We Forget That the Financial Crisis Had a Trial Run
The collapse of hedge fund Long-Term Capital Management had the same ingredients: lots of leverage, huge risk and a surplus of arrogance.
Bloomberg, October 10, 2018
What happens when too much risk and too much leverage meets too little humility?
That was the question I explored in today’s column.
Lost in reflexive spasm of retrospectives 10 years after GFC — the nationalization of Fannie Mae and Freddie Mac, the bankruptcy of Lehman Brothers, and the collapse of AIG — was the 20-year anniversary of the collapse of hedge fund Long Term Capital Management (LTCM) in September 1998.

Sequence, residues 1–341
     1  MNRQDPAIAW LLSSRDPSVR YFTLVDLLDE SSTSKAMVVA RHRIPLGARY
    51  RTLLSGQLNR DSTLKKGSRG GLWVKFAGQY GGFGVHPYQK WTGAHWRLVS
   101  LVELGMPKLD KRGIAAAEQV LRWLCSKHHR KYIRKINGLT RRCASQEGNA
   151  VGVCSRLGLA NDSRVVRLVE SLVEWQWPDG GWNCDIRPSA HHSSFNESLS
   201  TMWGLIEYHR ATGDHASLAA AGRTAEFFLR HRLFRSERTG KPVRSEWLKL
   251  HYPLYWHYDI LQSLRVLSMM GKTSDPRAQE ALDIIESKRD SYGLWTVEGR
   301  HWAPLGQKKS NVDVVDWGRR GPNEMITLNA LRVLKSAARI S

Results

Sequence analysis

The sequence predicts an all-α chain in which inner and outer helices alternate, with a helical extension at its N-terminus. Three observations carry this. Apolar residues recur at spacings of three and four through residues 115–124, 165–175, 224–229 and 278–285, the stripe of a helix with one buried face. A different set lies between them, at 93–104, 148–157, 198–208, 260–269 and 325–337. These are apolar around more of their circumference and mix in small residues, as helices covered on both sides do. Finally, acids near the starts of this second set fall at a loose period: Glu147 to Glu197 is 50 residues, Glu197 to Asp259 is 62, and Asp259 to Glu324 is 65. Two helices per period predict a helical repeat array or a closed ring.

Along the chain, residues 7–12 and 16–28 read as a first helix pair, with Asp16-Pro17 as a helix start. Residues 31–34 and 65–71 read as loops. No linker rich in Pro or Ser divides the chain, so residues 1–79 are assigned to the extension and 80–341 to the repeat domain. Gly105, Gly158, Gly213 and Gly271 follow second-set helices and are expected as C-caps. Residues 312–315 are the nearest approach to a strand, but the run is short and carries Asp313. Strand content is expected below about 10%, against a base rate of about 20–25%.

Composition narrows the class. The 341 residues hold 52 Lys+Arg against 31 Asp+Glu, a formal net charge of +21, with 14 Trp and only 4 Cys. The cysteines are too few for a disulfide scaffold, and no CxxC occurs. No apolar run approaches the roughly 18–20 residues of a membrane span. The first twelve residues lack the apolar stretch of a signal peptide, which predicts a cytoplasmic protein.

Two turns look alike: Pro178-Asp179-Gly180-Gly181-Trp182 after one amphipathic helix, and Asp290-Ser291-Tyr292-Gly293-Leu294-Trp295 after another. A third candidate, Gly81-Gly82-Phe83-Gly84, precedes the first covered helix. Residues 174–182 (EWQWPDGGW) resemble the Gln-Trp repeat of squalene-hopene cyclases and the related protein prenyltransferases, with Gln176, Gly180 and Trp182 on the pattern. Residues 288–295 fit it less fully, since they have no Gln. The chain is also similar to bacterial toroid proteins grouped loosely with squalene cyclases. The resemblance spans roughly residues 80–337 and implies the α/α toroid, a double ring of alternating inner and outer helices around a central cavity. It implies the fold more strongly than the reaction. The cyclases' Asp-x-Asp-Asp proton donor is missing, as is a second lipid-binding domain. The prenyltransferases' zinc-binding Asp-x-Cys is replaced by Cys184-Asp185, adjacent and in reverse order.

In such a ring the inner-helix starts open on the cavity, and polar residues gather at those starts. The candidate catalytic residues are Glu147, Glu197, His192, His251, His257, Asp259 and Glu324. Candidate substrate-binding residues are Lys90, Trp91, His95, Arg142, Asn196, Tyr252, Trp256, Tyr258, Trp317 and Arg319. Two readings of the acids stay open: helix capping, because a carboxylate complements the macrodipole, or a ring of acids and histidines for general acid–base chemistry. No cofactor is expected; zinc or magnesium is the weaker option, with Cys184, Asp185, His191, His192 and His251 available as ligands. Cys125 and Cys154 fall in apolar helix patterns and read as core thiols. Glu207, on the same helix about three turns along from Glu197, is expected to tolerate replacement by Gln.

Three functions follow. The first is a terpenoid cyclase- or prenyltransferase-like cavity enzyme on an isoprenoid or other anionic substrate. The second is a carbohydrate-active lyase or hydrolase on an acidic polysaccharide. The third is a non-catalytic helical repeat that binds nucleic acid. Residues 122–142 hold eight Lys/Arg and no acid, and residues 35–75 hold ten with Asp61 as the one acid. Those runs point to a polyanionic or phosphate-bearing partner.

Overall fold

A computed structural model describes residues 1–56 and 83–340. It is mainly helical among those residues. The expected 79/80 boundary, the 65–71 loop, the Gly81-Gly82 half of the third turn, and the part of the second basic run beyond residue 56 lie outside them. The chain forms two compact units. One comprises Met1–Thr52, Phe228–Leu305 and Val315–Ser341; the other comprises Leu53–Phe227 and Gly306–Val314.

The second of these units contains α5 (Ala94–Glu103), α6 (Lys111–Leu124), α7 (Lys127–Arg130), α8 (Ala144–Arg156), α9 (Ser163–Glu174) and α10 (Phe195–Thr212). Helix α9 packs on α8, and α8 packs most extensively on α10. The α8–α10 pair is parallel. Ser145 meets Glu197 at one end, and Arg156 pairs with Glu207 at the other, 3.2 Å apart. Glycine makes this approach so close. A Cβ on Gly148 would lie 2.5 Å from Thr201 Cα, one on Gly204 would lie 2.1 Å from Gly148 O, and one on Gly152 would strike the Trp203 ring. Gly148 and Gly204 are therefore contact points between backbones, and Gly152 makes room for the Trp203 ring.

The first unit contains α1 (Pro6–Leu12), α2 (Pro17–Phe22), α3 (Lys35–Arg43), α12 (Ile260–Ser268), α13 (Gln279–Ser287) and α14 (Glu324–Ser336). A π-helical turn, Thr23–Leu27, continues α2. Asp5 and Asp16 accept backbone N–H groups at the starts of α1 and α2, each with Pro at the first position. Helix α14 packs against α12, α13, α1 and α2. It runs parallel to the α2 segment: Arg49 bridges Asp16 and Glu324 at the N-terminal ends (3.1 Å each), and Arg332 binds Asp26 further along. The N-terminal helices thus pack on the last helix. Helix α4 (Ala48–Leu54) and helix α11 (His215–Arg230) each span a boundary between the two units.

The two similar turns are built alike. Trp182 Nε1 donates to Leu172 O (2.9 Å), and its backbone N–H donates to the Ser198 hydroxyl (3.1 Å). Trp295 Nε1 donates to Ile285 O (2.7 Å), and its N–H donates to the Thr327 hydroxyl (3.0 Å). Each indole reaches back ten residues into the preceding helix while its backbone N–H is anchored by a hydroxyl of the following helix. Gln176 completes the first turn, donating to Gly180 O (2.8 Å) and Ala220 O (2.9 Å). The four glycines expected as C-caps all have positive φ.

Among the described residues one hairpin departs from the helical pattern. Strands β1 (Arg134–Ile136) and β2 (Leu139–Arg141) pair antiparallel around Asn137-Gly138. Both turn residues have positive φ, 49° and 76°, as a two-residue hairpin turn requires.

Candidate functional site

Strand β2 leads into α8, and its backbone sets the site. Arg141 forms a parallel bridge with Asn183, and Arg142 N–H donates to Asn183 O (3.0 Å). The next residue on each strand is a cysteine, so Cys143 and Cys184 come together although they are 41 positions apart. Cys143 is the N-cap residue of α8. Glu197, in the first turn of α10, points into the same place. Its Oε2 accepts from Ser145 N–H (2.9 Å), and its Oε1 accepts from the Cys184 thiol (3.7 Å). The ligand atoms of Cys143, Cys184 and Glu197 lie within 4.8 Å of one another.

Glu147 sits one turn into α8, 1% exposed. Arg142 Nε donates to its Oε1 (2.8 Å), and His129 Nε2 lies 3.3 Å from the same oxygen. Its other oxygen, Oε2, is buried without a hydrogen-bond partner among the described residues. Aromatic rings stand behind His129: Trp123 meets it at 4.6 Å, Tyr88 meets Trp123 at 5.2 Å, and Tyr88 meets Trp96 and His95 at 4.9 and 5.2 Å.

The LTCM debacle was a precursor for the financial crisis a decade later.
While the company’s managers were very smart – Nobel Prize-winning big brains thinking about new ways to identify investment opportunities – they made some not very smart decisions.
Roger Lowenstein masterfully details this in his magnum opus, “When Genius Failed: The Rise and Fall of Long-Term Capital Management. Read more about how LTCM set the table for the GFC here . . .